|Illustration by Inslee|
And the excitement didn’t just come from watching a bunch of muscle-bound hunks swinging huge hammers to the rhythm of the Anvil Chorus ... although, strictly entre nous, a bit of eye candy never hurts.
No, the real excitement was generated by a fabulous cast, led by a wonderful conductor, who kept the musical adrenaline flowing from first to last note.
|Alexey Markov as Count di Luna|
It is, in fact, one long, musical feast for the ears, and Verdi gives everyone (tenor, soprano, mezzo-soprano, baritone and bass) a chance to grab the vocal spotlight and run with it.
And run with it they did, especially the fabulous young Russian baritone, Alexey Markov, in the role of Count di Luna.
The baritone in this opera is passionately in love with the soprano, who has gone gaga over the tenor, a wild and crazy gypsy troubadour, who serenades her nightly with songs of love. Even a handsome hunk of a baritone, like our young Count, has a hard time competing with that.
Of course, just being handsome doesn’t cut it in the opera world. With apologies to Duke Ellington and his lyricist, Irving Miller, “It don’t mean a thing, if you ain’t got that sing.”
Markov’s voice is dark and velvety, but with the power to cut through an orchestra like a knife and knock you back in your seat. Add to that a commanding stage persona (did I mention he’s really hot?), and you’ve got a bad boy baritone that any good girl would be hard pressed to resist …….. unless, of course, she's a silly soprano with a gypsy fetish.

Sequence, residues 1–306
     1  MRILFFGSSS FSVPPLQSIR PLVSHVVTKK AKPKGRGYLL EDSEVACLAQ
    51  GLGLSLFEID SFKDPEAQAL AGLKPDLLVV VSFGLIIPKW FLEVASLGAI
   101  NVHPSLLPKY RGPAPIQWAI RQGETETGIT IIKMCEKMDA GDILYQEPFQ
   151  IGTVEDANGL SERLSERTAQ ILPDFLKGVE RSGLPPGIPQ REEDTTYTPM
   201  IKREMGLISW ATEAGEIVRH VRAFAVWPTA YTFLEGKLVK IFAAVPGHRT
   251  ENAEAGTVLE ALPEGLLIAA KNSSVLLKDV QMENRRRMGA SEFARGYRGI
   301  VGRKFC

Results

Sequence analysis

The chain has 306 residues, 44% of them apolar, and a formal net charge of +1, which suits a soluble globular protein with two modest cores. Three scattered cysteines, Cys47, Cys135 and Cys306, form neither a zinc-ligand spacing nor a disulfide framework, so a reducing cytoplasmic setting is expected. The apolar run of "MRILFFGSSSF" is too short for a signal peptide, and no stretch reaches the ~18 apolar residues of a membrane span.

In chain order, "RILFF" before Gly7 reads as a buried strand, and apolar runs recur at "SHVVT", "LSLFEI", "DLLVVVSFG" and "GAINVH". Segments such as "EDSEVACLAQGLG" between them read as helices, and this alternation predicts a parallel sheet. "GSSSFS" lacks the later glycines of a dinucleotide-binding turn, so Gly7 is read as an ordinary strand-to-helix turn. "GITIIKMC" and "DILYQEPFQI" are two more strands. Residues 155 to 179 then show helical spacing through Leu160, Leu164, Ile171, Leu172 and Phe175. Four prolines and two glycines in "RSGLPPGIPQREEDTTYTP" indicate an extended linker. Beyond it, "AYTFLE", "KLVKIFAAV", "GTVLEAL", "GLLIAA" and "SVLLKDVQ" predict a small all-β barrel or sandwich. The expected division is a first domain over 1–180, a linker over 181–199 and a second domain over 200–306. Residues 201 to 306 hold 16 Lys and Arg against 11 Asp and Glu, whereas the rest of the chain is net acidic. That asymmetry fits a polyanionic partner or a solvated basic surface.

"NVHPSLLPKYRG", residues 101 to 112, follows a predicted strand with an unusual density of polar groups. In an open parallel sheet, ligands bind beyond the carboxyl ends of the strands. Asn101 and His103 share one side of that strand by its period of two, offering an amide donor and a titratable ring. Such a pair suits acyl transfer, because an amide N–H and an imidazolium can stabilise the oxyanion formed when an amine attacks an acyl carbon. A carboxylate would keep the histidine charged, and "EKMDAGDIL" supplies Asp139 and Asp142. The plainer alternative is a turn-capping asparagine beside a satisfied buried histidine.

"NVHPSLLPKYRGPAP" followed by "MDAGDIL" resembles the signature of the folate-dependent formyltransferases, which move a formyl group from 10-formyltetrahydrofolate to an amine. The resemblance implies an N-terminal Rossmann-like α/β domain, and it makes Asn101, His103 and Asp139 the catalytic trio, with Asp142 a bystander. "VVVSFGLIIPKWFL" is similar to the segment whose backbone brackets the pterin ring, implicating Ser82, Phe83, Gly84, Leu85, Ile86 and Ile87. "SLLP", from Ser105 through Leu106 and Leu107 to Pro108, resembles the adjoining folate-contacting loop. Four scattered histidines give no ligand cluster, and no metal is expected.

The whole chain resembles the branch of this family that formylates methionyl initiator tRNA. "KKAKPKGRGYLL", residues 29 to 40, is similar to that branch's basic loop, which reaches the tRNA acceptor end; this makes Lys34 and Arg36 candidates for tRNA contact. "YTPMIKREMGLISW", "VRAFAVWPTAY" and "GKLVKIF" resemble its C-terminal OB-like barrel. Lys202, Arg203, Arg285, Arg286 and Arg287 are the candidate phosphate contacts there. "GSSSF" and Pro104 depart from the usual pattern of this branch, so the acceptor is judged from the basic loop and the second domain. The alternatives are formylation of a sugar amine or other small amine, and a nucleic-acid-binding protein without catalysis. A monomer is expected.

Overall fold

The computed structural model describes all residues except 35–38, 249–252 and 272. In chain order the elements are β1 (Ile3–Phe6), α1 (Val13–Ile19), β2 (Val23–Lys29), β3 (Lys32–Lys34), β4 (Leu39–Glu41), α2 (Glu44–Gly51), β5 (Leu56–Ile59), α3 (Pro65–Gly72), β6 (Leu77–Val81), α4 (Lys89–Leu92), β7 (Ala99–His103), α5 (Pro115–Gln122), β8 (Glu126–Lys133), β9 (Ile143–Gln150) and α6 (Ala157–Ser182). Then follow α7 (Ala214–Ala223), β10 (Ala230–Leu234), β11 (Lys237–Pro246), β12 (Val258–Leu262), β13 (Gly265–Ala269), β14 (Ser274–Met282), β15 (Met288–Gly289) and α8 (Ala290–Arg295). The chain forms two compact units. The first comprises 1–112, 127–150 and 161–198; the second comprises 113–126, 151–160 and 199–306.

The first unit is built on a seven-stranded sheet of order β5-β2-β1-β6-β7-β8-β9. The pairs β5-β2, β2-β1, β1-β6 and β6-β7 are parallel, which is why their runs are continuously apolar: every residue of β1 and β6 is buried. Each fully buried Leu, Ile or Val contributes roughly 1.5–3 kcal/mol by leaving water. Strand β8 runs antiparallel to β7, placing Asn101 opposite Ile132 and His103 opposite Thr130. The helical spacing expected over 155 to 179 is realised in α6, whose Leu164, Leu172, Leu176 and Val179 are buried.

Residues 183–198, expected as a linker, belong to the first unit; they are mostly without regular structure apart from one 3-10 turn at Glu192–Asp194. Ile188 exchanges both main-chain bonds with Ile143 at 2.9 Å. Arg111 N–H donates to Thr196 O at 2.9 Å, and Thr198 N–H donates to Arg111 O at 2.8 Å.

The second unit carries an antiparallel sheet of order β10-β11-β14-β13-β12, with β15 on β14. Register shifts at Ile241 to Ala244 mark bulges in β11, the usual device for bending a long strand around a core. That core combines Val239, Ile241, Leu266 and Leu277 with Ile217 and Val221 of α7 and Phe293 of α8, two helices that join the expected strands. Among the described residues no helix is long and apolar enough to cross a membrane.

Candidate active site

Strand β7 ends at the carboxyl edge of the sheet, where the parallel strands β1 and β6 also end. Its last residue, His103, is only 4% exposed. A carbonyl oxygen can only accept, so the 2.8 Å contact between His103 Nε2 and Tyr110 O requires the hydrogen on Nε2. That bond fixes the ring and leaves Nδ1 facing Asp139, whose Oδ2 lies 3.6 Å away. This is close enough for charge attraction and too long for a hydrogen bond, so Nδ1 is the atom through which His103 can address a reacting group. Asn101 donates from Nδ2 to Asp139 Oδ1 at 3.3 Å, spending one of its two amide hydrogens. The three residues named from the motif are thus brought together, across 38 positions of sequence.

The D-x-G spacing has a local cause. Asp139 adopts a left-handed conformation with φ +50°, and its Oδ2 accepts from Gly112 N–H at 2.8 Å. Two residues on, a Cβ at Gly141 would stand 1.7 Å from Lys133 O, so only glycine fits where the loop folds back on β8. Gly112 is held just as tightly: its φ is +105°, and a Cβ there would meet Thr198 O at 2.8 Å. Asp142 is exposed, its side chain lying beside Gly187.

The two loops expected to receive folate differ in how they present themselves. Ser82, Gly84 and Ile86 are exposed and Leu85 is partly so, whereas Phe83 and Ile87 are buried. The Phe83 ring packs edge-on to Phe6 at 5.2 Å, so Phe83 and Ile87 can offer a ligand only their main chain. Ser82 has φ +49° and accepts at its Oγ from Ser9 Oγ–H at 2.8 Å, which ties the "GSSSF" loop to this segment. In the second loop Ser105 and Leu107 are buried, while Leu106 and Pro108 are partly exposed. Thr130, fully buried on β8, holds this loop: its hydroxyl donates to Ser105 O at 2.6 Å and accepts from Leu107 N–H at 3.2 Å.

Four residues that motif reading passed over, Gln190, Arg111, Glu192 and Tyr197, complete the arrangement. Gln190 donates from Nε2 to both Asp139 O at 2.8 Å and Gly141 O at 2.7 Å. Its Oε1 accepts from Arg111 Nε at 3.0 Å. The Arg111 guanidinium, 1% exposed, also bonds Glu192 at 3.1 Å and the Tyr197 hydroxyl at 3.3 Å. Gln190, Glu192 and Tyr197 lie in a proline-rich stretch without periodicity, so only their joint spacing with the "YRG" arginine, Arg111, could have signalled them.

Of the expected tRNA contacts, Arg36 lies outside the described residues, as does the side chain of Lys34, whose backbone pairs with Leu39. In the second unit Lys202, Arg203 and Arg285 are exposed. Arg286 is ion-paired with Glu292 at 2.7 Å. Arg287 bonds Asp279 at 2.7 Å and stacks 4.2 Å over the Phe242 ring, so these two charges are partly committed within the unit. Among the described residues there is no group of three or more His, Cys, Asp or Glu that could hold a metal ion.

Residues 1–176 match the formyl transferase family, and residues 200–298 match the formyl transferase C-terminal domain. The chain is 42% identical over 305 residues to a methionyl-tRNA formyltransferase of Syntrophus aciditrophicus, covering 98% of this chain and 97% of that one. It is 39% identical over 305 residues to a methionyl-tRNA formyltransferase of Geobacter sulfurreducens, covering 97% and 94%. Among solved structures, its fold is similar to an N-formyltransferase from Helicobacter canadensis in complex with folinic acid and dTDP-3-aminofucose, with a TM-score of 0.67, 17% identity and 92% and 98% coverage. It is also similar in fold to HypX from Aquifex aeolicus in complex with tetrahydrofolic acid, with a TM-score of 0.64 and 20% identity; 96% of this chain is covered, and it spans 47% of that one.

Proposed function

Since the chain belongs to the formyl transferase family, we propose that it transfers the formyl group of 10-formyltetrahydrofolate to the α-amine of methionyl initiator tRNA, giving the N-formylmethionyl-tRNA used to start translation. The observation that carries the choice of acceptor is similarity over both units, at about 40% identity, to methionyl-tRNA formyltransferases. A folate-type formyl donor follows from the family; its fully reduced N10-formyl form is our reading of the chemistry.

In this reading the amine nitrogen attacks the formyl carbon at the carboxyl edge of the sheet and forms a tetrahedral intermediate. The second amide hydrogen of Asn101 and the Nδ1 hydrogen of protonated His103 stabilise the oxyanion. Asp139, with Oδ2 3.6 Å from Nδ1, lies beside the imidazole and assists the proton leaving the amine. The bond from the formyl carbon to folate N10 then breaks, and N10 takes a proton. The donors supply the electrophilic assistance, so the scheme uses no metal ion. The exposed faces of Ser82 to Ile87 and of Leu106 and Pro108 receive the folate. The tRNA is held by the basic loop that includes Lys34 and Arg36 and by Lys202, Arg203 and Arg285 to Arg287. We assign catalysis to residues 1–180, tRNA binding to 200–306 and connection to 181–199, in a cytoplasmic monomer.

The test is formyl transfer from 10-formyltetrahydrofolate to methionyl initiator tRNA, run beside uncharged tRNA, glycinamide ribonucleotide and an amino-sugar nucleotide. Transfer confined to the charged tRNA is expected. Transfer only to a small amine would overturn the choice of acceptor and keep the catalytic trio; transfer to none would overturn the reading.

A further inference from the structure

The opera ends with the soprano swallowing poison, the baritone having the tenor beheaded, and the mezzo-soprano, a crazed gypsy, telling the baritone that he’s just lopped off the head of his long-lost brother.
You see? I told you it was a silly story, but it’s just sooooo much fun.
|Elza van den Heever (Elizabeth) and Joyce DiDonato (Mary)|
The opera, Maria Stuarda, by Donizzetti, a rarely performed gem, showcased a magnificent ensemble cast; but it was the two ladies at the center of the drama who took top honors dramatically and vocally. Although history clearly tells us that Mary and Elizabeth never met, writers and composers have had a field day imagining what that fateful meeting might have been like had it actually happened.
Donizzetti gives us his version of the most famous meeting that never took place. Unable to bear Elizabeth’s repeated accusations, Mary’s cool submission turns to white-hot fury as she calls Elizabeth the bastard offspring of a whore.
Things quickly go from bad to worse, while the tenor, who once loved Elizabeth and now loves Mary, stands by helplessly. In the end, a furious Elizabeth stalks off stage and Mary is dragged back to prison.
Here you can almost feel the heat of their anger:
Verdi's Maria Stuarda Act i Finale Joyce DiDonato - Met Opera Live in HD from Larry Murray on Vimeo.
In the final, moving scene, wearing the red robes of a Christian martyr, Mary climbs the stairs, blindfolded and alone, to the waiting executioner.
Elizabeth had won. Or had she???
Elizabeth’s reign ended in 1603 without an heir. The Tudor line had come to an end. The throne of England would pass to James I, the first of the Stuart kings, and Mary’s son.
|Tomb of Queen Elizabeth I at Westminster Abbey|